From tuxedo-wearing flop on the Toon to part of France’s star-studded World Cup squad, Florian Thauvin’s career has undergone quite a transformation since English audiences last saw him.
Those in this this country may remember Thauvin from his brief, ill-fated spell at Newcastle United, who signed him from Marseille (OM) for £15m in August 2015, although by that stage the player had already gained an unwanted reputation in France.
Thauvin made headlines for all the wrong reasons when trying to force through his dream move to Marseille by effectively going on strike at Lille in 2013.
Lille president Michel Seydoux claimed his star – then 19 – was “untransferable” after his goals helped France win that summer’s U20 World Cup, elevating the youngster to hero status in his homeland.
However, when Thauvin then refused to train, the Ligue 1 club’s deputy director general Frederic Paquet told him: “If he does not want to play football any more, we will not force him – we will wait, but since he is not working, he will not be paid.”
The winger did get his move to the Stade Velodrome in September 2013, leaving Lille without ever playing a game for the club, and two years later he was on his way to St James’ Park.
Thauvin may have gone from being the 2012-13 Ligue 1 Young Player of the Year while at Bastia to finishing the previous campaign named the worst the player in the French top flight, but that had not put Steve McClaren off.
“He is an exciting, creative talent who can score goals and make assists, and we believe he has a very bright future here,” said the then Newcastle boss after completing his signing.
Things did not quite pan out that way though, with Thauvin causing a few raised eyebrows when, just a month into his career in the north east, he arrived at St James’ in a tuxedo for the second home game in a row.
To compound matters, Newcastle were then surprisingly beaten by Watford, with the Frenchman hooked after an invisible display, leading to this extraordinary outburst from Alan Shearer on Match of the Day.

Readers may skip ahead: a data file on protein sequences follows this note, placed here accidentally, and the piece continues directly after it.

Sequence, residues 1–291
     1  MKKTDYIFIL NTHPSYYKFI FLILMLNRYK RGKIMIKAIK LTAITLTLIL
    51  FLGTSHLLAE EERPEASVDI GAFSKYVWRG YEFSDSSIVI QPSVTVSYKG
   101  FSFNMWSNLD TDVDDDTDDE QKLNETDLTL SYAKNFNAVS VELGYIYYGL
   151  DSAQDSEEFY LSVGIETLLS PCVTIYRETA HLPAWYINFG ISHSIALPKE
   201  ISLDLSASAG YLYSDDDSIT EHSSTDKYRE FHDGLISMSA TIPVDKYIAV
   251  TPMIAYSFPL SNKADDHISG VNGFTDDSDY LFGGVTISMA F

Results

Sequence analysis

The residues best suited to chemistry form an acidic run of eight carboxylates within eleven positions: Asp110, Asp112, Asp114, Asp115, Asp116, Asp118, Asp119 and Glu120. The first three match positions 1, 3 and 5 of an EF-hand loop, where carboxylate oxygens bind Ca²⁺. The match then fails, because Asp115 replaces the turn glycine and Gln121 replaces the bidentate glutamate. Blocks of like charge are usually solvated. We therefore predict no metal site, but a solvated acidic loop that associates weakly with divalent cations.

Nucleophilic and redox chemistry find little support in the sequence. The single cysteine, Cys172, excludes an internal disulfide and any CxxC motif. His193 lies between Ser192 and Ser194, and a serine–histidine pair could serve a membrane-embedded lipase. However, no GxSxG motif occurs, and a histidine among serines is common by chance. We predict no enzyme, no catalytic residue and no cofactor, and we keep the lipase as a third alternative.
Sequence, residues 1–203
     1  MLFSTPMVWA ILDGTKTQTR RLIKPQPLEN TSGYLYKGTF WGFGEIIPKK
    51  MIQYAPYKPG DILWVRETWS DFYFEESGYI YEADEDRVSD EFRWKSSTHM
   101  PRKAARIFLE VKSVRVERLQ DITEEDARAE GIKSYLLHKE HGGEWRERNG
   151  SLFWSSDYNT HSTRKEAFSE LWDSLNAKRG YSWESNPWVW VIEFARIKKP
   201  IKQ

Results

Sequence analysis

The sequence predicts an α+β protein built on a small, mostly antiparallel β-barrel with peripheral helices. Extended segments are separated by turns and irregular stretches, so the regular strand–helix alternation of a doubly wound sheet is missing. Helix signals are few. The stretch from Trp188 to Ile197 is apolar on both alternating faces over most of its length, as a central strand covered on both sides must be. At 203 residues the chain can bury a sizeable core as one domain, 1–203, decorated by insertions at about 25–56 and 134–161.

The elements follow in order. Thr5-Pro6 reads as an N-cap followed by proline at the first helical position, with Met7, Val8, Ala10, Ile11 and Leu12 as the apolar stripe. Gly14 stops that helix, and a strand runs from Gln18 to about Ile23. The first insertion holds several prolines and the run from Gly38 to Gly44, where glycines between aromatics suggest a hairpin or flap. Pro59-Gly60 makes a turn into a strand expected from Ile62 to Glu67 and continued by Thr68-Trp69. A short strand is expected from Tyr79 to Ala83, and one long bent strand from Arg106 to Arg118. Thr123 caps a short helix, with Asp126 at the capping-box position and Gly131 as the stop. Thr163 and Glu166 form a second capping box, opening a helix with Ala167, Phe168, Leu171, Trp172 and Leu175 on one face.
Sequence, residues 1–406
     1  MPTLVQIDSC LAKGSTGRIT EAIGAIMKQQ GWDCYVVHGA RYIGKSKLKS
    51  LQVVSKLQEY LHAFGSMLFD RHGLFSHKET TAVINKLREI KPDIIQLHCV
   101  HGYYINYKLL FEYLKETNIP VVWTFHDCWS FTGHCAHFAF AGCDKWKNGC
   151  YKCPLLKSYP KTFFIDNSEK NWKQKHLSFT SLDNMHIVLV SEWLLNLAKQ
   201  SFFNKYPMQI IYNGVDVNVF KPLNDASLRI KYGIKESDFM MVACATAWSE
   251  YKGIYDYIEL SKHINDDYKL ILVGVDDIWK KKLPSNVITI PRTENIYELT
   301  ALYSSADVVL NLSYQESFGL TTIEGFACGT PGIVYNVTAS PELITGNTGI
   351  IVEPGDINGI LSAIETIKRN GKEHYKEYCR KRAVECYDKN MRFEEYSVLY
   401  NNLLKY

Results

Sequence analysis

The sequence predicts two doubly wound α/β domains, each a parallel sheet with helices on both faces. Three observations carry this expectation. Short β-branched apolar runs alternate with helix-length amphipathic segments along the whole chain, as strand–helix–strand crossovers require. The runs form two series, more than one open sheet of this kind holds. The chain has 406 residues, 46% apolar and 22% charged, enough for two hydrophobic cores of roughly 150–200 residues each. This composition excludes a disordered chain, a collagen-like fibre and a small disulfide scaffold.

“He turns up in a tux. This is a serious business we’re in here, it was funny on the first day of the season, it’s not funny any more,” bemoaned the former Magpies captain.
“Look at [Allan] Nyom run past Thauvin. You might be able to do that in the French League, you can’t do that in the Premier League.”
Thauvin defended himself, however, explaining in L’Equipe: “In England, at each home game, you need to come to the stadium in a suit. It’s tradition.
“But on that day, Shearer violently criticised me by saying that I was making myself out to be someone that I wasn’t, even though I was not the only one wearing a bow tie. Why me again? I would like to be left alone.”
The writing was already on the wall, though, and after only 450 minutes of Premier League football and barely spending four months in England – during which time he played 13 league games, starting just three and failing to register a single goal or assist – Thauvin, who had by now been relegated to the Newcastle reserves, was on his way home.
Thauvin himself thought the move across the Channel came too soon.
“It was too early for me,” he told uefa.com. “It’s a transfer that happened quickly. Normally, you take your time, you think about it, but for me it all happened too quickly after [Marseille boss] Marcelo Bielsa’s departure.”
However, Andy Scott believes that while the mercurial wide man certainly did not help himself at times at Newcastle, he also was not given the time to really showcase his skills to the Geordie public.
1:30 Just seven days to go now and we are taking a look at France, who are appearing in their sixth successive tournament
“I guess it came down to a lack of maturity in England,” says the French football commentator and AFP football writer. “He probably wasn’t ready and maybe didn’t realise that some people might not like him turning up for a game in a tuxedo!
“Then again, maybe the criticism was a bit harsh because he also never really got a regular chance to show what he could do.”